Secretary-General Ban Ki-moon has urged the
United States to take a leading role in forging a new international
pact to combat global warming, warning that the consequences of failure
outweigh the cost of tackling climate change.
“No country is more important than the United States in resolving this
climate change issue,” Mr. Ban told reporters in Washington D.C.
yesterday after meeting with congressional leaders ahead of the United
Nations climate change conference in Copenhagen next month.
“All eyes of the world are looking to the United States and to this
august body, the US Senate,” he said at the media briefing, flanked by
US Senators John Kerry, Richard Lugar and Joe Lieberman.
Highlighting that in less than a month world leaders are slated to
gather in Copenhagen, Mr. Ban said they must conclude “a robust, global
agreement that can serve as a foundation for a climate treaty.”
In Copenhagen, governments are expected to negotiate a successor to the
Kyoto Protocol, the 1997 pact – part of a larger UN climate change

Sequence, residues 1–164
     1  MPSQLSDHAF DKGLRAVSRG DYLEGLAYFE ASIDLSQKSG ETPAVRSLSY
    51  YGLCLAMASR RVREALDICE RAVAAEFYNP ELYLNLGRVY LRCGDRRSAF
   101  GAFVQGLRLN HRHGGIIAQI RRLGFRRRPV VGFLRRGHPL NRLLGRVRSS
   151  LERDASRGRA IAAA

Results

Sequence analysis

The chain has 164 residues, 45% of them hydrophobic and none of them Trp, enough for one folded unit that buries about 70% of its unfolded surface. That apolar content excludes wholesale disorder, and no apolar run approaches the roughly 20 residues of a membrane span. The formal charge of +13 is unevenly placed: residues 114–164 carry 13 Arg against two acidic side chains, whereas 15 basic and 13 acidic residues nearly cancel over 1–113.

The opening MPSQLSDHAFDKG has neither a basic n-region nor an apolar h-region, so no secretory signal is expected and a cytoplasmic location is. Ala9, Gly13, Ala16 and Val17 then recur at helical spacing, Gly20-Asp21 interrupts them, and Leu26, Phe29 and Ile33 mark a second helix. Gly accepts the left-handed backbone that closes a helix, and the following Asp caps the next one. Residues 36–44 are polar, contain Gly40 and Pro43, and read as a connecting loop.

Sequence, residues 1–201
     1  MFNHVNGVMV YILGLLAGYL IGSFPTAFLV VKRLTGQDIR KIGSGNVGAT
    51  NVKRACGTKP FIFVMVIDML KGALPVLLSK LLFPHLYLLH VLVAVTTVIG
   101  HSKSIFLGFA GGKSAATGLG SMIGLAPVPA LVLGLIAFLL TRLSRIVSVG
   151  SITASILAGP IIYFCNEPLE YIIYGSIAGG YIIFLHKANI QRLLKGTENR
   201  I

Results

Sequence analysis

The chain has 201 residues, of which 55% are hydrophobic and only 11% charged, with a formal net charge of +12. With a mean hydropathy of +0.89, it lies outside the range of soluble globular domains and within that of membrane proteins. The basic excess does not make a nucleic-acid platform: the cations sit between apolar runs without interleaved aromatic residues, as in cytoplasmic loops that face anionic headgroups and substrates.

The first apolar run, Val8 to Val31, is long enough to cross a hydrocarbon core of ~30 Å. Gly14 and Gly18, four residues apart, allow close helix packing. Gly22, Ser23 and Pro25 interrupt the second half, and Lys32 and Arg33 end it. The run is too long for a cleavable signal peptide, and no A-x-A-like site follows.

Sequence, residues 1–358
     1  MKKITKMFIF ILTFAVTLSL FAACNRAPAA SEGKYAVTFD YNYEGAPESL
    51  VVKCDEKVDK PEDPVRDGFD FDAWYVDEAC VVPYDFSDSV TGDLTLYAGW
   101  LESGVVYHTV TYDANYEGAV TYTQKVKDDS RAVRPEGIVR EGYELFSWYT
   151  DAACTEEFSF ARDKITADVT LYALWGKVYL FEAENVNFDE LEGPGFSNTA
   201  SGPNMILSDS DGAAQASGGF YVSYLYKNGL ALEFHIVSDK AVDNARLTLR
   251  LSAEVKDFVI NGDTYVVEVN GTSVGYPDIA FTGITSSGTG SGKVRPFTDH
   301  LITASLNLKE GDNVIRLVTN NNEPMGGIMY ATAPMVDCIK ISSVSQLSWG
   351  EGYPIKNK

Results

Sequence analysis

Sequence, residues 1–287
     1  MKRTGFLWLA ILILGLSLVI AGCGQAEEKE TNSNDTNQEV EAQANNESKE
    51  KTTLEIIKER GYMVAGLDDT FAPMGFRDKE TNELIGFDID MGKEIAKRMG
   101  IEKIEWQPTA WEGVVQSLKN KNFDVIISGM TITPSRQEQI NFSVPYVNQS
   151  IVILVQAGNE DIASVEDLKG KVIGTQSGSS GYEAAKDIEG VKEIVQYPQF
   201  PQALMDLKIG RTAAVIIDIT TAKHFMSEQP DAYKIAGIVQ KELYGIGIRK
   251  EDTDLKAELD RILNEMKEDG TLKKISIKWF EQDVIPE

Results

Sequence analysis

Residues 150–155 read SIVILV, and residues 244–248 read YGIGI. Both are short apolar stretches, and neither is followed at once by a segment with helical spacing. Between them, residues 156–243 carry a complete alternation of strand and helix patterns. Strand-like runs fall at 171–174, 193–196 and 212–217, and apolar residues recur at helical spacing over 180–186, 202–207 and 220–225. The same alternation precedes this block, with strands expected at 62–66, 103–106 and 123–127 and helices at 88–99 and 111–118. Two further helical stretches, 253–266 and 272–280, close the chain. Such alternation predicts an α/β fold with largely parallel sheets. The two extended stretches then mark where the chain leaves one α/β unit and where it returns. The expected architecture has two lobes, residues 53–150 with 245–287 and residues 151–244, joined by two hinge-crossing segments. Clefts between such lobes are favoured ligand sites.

treaty – which has strong, legally binding measures committing 37
industrialized States to cutting emissions by an average of 5 per cent
against 1990 levels over the period from 2008 to 2012.
“From what I heard today, there is great support in the Senate for
action on climate change,” said Mr. Ban. “But for some, there are
lingering doubts about whether we can afford to take action during this
hard economic crisis.”
Acknowledging that there is a price to pay in battling climate change,
Mr. Ban stressed that the costs are insignificant compared with the
cost of not taking action.
“Inaction will mean a weakened economic recovery, a loss of global
competitiveness, increased global instability and further human
suffering,” said Mr. Ban. “A global agreement on the other hand will
unleash investments that will do more than any single other action
could do to jumpstart and sustain global economic recovery.”
Mr. Ban voiced appreciation for the US Government, particularly
President Barack Obama, in showing their initiative, leadership and
commitment in addressing a climate change bill, as well as for Mr.
Obama signaling a willingness to participate in Copenhagen.